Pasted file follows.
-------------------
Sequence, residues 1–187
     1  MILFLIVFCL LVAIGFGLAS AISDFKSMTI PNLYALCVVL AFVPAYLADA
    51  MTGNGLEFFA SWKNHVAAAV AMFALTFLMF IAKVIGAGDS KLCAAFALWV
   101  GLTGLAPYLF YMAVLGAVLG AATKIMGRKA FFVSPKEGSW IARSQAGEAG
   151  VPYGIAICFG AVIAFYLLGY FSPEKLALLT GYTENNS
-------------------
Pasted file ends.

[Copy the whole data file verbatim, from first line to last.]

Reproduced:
Sequence, residues 1–187
     1  MILFLIVFCL LVAIGFGLAS AISDFKSMTI PNLYALCVVL AFVPAYLADA
    51  MTGNGLEFFA SWKNHVAAAV AMFALTFLMF IAKVIGAGDS KLCAAFALWV
   101  GLTGLAPYLF YMAVLGAVLG AATKIMGRKA FFVSPKEGSW IARSQAGEAG
   151  VPYGIAICFG AVIAFYLLGY FSPEKLALLT GYTENNS